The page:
First, it's a constitutional monarchy: do you really think the Iraqis are going to resurrect that system? Article 19 is particularly interesting: the people surrendering soveriegnty to the king in perpetuity. The King is also chief executive (Art. 26), with all the power of the presidency and more (including appointing members of the Senate and an absolute power of veto). This is not a symbolic monarchy, as in England or post-WWII Japan: this is real monarchy.
Second, the section on rights reminds me of the Meiji constitution I cited above: every right is qualified with "within such limits as may be prescribed by law" or a similar phrasing. This is effectively the same as no protection at all for minority groups or views.
I do like Art. 30 para. 9, though, barring "lunatics and idiots" from serving in Parliament. Not from serving as King, though. And para. 10 bars relatives of the King from serving in Parliament, so that's at least some check on his power.
I don't think this is a viable starting place. I think they're better off tossing it and starting over completely.
Fred Ferrel - 10/15/2003
And Louis XVI and deGrasse, having "liberated" America from King George III, then handpicked the delegates to the Constitutional convention of 1787 (called to revise the earlier Articles of Confederation) ?
There is nothing "legitimate" about a war of conquest launched by draft-evaders under an unAmerican doctrine of preemption in a cloud of lies about terrorist connections and weapons of mass destruction, and in disgraceful defiance of long-standing American traditions, alliances and diplomatic procedures. Trying rationalize this absurdity using bogus historical analogies confers no legitimacy either.
Should readers here desire "bashings" and "spoutings", the archival record at HNN of prior comments by "Herodotus" provides a more than ample stock of examples.
John Kipper - 10/14/2003
One of the most interesting governmental apologies was recently announced by the government of Benin, in West Africa, that specifically apologized for the actions of tribal chiefs who were so instrumental in providing the slaves for the Atlantic trade.
Herodotus - 10/14/2003
"Would that be the constitution under which Saddam was re-elected by a margin of 99.9% to .1% ?
Typical half-witted Bushapologia."
You have no idea what you're talking about. The Iraq constitution of 1990 is no longer in force, having been set aside after the invasion. That included the 1995 revision that named Hussein president. The Iraqis had a viable constitution in 1925, which lasted quite effectively until 1958. There have been successive illegitimate ones since then.
They are not crafting one from scratch (unlike the Constitutional Convention in Philadelphia) but are in fact revising an earlier one with appropriate updates for time, culture and technology. That's a considerably easier job. If I wanted to bash you with ad hominems, I'd suggest that you comments were typical uninformed, self-righteous spoutings but that might be intemperate.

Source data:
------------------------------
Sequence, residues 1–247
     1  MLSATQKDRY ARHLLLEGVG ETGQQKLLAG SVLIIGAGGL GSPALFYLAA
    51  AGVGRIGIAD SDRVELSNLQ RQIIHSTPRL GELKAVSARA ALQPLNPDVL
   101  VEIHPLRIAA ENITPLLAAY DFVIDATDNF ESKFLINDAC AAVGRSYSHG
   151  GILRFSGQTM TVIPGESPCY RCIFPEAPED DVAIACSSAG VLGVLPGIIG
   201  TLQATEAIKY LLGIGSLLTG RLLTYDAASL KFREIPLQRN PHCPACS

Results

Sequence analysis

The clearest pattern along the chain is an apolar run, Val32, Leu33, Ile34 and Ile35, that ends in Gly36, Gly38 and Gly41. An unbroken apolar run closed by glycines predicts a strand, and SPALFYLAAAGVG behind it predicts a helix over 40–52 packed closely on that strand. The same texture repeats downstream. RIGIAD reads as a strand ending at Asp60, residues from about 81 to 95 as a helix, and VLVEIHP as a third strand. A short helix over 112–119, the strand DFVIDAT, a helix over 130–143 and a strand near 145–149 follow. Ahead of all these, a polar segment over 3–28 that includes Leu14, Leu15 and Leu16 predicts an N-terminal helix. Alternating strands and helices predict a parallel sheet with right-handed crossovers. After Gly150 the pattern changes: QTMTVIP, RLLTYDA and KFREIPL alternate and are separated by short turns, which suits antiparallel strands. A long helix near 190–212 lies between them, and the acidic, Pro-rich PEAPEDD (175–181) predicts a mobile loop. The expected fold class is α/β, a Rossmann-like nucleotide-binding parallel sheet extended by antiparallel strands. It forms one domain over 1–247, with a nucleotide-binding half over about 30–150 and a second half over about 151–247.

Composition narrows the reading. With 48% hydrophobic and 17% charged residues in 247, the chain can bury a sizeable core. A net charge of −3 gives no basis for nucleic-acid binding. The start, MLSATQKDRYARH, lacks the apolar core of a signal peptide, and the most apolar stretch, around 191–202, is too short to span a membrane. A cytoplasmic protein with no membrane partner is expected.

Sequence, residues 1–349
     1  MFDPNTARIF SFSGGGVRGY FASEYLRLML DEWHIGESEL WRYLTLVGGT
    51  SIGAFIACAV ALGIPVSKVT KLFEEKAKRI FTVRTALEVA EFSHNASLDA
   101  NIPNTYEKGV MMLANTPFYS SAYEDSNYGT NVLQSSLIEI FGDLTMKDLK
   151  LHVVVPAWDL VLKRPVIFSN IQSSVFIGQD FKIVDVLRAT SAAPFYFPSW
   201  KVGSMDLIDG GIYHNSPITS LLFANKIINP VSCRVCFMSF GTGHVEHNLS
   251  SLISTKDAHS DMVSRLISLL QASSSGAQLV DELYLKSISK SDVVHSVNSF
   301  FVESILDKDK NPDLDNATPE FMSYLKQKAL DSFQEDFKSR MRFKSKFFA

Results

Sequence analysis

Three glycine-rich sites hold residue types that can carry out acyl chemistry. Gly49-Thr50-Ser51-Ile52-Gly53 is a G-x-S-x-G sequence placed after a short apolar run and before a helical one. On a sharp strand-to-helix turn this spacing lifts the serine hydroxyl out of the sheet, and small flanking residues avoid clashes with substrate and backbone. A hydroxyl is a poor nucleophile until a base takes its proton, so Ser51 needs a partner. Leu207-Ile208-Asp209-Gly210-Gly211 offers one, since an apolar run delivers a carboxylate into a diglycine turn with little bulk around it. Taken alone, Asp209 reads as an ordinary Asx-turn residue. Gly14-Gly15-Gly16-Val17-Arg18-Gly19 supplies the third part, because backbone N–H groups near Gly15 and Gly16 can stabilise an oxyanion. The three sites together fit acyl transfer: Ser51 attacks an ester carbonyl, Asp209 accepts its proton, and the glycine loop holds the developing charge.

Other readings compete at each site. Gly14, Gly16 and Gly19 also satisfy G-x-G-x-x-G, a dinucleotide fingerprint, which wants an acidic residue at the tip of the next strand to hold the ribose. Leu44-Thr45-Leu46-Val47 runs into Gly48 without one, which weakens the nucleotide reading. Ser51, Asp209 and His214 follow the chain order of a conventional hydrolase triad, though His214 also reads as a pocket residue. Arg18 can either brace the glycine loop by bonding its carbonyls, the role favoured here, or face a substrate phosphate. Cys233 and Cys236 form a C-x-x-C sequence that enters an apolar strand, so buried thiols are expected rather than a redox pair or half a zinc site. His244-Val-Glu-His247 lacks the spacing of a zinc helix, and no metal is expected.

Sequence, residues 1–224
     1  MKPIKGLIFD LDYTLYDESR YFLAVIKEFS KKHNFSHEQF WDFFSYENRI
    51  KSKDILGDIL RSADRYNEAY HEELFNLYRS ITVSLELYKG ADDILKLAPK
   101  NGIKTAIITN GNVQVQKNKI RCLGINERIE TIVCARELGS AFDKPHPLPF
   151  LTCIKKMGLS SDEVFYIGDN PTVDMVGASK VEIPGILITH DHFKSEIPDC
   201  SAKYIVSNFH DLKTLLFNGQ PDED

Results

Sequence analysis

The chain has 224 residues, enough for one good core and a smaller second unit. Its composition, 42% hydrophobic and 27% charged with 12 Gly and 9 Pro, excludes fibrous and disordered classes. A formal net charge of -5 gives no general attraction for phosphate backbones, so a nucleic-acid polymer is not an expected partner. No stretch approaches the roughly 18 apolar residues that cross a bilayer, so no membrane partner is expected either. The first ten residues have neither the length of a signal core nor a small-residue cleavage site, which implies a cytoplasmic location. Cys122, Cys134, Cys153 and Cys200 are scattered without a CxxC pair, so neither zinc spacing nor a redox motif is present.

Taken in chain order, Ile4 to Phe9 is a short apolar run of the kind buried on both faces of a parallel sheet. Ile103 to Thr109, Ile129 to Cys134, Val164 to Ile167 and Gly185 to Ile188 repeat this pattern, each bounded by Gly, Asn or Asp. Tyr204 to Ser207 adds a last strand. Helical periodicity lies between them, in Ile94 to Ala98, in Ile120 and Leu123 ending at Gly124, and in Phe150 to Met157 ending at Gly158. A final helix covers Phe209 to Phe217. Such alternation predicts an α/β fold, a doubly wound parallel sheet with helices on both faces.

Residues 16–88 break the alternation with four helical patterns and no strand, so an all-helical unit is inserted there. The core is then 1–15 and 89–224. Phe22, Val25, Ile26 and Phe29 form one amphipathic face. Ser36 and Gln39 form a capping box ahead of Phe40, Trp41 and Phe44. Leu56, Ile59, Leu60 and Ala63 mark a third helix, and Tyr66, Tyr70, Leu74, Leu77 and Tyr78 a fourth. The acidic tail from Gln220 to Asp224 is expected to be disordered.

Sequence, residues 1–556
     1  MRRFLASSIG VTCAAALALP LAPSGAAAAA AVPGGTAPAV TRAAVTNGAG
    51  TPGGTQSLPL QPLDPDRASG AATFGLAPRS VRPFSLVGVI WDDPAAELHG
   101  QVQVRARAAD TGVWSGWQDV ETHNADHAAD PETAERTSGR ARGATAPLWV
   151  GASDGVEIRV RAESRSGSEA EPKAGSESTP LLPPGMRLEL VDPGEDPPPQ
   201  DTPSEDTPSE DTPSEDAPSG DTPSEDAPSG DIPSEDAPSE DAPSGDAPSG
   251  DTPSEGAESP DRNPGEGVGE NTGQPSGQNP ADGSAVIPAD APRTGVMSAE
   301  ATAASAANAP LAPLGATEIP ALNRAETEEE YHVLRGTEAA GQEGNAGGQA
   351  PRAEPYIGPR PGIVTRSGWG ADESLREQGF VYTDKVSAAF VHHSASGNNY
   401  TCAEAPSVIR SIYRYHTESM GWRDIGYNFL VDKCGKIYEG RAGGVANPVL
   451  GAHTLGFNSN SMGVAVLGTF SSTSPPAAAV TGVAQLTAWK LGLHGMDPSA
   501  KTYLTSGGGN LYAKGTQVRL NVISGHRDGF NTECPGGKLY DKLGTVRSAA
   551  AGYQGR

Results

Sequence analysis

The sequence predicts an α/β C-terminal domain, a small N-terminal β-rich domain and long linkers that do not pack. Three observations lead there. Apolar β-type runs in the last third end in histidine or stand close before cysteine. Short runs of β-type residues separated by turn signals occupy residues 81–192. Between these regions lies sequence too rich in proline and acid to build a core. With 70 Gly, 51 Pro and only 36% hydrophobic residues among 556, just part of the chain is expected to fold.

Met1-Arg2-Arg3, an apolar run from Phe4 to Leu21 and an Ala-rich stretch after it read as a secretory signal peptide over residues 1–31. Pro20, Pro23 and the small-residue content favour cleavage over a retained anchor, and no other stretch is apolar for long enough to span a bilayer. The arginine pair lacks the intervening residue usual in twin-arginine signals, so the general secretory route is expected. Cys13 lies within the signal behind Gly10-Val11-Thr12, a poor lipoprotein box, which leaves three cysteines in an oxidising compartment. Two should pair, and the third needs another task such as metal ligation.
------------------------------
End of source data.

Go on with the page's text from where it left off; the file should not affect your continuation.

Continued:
Fred Ferrel - 10/14/2003
"Well, considering that the Iraqis already have a constitution, the problem shouldn't be too long for them on that front."
Would that be the constitution under which Saddam was re-elected by a margin of 99.9% to .1% ?
Typical half-witted Bushapologia.
Herodotus - 10/14/2003
Well, considering that the Iraqis already have a constitution, the problem shouldn't be too long for them on that front.
Jesse Lamovsky - 10/14/2003
Interesting question about apologies by governments for past policies. Let me think...
I'm pretty sure there has been compensation on the part of local and state authorities in Florida and Oklahoma for the Rosewood and Tulsa massacres, respectively. I'm not clear whether there has been any formal apology to the aggrieved parties in those cases, though.
The postwar West German government, to the best of my knowledge, apologized for the murderous manner in which the Nazis treated Jews and other subjugated peoples in Hitler Europe. No such apologies came from East Germany, however.
We can also include the Vatican apologies for the attachment of historical responsibility to the Jewish people for the death of Christ.
Jonathan Dresner - 10/14/2003
I just want to point out that the December 15th date is a deadline for a plan, not for handover itself: at that time the Iraqi Governing Council is supposed to have a "timetable" for a constitution, elections and recovery of sovereignty.
And, to be honest, one of the things which I gloss over in my article is the role of the international community in hurrying the process along. The US, by setting timetables and deadlines, is clearly trying to appease some of the critics (e.g. France, most of Middle Eastern nations, most Americans) who are concerned that the US is going to be a presence in Iraq indefinitely (or for a few years which is the same thing these days), but that gives me more concern that the process Powell and Bremer have set out is intended to fail, and what happens after that is unclear.
Herodotus - 10/14/2003